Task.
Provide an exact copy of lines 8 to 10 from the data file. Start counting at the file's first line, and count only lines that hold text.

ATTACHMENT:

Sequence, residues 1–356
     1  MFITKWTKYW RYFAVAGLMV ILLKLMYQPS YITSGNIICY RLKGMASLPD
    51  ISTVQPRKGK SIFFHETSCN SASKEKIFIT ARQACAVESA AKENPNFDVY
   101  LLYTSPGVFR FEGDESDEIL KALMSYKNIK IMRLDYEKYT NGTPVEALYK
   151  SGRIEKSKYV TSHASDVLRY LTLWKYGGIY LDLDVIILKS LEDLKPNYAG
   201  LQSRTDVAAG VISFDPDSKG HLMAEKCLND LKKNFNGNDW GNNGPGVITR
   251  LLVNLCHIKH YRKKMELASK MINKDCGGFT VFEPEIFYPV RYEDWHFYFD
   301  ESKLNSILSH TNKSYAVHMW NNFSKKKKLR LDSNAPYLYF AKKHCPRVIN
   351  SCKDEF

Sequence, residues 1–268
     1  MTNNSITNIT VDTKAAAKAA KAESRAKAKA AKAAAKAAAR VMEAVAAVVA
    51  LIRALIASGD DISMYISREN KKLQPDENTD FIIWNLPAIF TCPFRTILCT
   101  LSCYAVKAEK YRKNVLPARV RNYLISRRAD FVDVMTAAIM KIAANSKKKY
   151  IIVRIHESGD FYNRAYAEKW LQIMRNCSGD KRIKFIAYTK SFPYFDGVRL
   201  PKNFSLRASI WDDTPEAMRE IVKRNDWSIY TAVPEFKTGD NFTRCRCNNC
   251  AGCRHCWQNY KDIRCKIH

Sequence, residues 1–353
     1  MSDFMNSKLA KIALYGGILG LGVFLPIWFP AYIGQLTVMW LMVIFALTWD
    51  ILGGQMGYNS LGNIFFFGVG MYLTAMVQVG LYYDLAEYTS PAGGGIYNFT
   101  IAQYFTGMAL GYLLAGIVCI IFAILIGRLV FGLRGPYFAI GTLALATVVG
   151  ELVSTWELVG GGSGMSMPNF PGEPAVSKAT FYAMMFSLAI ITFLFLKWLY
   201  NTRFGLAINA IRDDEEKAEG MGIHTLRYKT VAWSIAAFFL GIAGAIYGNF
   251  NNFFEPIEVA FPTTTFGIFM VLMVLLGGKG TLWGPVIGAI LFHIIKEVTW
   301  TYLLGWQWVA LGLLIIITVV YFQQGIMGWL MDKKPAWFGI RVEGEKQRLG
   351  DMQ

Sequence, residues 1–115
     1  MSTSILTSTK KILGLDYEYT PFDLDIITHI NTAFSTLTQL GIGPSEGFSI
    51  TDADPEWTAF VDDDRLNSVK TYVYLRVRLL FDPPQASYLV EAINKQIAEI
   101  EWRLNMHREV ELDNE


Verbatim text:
   301  ESKLNSILSH TNKSYAVHMW NNFSKKKKLR LDSNAPYLYF AKKHCPRVIN
   351  SCKDEF

Sequence, residues 1–268